The Cassini mission has released some of the most detailed images of Saturn’s poles yet, revealing vast cyclones churning up the gas giant’s atmosphere in the north and south. These observations show very similar storms to the south pole observations imaged by the NASA spacecraft in 2006, only in far better detail. It is believed the north and south cyclones are generated by violent thunderstorms deep inside Saturn’s atmosphere; water condensing inside these storms output heat, fuelling the vortex extending 2,500 miles (4,000 kilometres) in diameter. The smallest features resolved are 120 kilometre (75 mile)-wide cumulus clouds rotating at velocities in excess of 325 mph (530 kph), more than twice the wind speed possible on Earth…
…and the mystery north pole hexagon is still there.
Cassini has wowed scientists with these brand new views of Saturn’s north pole. With detail at 10-times higher resolution than previously attained, Cassini has shown that both poles have vast swirling cyclones that highlight regions of planet-wide storm activity.
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“These are truly massive cyclones, hundreds of times stronger than the most giant hurricanes on Earth,” said Kevin Baines, Cassini scientist on the visual and infrared mapping spectrometer at NASA’s Jet Propulsion Laboratory. “Dozens of puffy, convectively formed cumulus clouds swirl around both poles, betraying the presence of giant thunderstorms lurking beneath. Thunderstorms are the likely engine for these giant weather systems.”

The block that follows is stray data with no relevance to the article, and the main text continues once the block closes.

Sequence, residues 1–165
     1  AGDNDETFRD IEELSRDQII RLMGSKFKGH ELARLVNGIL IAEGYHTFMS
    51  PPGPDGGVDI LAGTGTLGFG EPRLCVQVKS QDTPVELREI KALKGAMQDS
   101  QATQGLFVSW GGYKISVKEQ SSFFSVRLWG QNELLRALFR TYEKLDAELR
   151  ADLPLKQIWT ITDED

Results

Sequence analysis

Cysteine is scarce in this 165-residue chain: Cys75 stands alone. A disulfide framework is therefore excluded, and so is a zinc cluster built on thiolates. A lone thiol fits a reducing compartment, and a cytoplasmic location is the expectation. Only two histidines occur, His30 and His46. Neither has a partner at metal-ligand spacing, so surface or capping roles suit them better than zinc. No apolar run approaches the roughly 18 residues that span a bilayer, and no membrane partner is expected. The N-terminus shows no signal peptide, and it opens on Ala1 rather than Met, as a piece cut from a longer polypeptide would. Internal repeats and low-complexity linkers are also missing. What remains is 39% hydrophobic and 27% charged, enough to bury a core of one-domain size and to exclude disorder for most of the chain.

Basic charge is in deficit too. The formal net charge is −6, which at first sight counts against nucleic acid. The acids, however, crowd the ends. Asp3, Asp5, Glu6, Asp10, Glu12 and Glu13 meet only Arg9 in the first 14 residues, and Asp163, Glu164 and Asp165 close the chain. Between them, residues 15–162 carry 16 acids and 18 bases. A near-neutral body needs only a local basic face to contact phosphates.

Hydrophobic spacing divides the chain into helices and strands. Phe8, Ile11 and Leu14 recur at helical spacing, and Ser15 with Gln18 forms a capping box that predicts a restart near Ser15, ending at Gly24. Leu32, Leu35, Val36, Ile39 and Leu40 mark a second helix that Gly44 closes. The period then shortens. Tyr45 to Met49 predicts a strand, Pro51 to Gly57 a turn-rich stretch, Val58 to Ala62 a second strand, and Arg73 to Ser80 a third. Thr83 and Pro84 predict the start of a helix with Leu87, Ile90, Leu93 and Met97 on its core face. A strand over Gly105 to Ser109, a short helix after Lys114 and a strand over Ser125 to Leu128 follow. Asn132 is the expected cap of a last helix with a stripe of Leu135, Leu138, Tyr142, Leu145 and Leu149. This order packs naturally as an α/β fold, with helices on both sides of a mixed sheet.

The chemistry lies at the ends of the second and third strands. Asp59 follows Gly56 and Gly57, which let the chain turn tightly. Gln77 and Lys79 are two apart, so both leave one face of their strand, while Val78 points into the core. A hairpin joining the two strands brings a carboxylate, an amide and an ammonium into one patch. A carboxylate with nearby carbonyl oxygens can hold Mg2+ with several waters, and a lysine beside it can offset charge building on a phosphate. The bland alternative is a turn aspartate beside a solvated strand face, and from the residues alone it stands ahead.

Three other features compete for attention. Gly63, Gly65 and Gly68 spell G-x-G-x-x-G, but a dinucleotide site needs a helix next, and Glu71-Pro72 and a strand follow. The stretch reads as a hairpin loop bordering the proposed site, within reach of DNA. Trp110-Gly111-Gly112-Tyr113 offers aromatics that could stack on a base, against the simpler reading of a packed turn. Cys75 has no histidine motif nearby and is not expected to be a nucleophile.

Interestingly, the northern storm observation still shows the mysterious hexagonal shape (as originally verified in 2006, after a sighting by Voyager 1 in 1980), only in far greater detail. Scientists are still uncertain why the northern cyclone should take such a stable form; the clouds within the hexagonal shape spin at high speeds without interfering with its six-sided shape.
Previous observations appeared to show an outer ring of high clouds surrounding a region thought to be clear air with a few puffy clouds circulating around the pole. These brand new images reveal a far more complex picture. The circulating clouds are actually smaller convective storms forming other, more distinct rings.
Tony DelGenio of NASA’s Goddard Institute for Space Studies in New York and Cassini imaging team member explains the scene: “What looked like puffy clouds in lower resolution images [from 2006] are turning out to be deep convective structures seen through the atmospheric haze. One of them has punched through to a higher altitude and created its own little vortex.”
These clouds push high above the main weather system, casting long shadows, indicating they are 25-45 miles (40-70 km) above the vortex rings (pictured above). These also appears to be an inner ring of clear air (the “eye” of the storm) over the poles, that appeared bigger in previous observations.
For me, the most perplexing feature to come out of these new Cassini observations is the enduring hexagonal shape in the circulating clouds. In 2006 when the lower-resolution north pole observations were released, many made the assumption that it was an unstable transient feature, appearing for a short period, only to disappear soon afterwards. But over a year later, the hexagon remains, as six-sided as ever. I’d guess this shape could be some atmospheric standing wave, what do you think?
See the Cassini video of the north pole hexagon being buffetted by the high-speed winds surrounding it »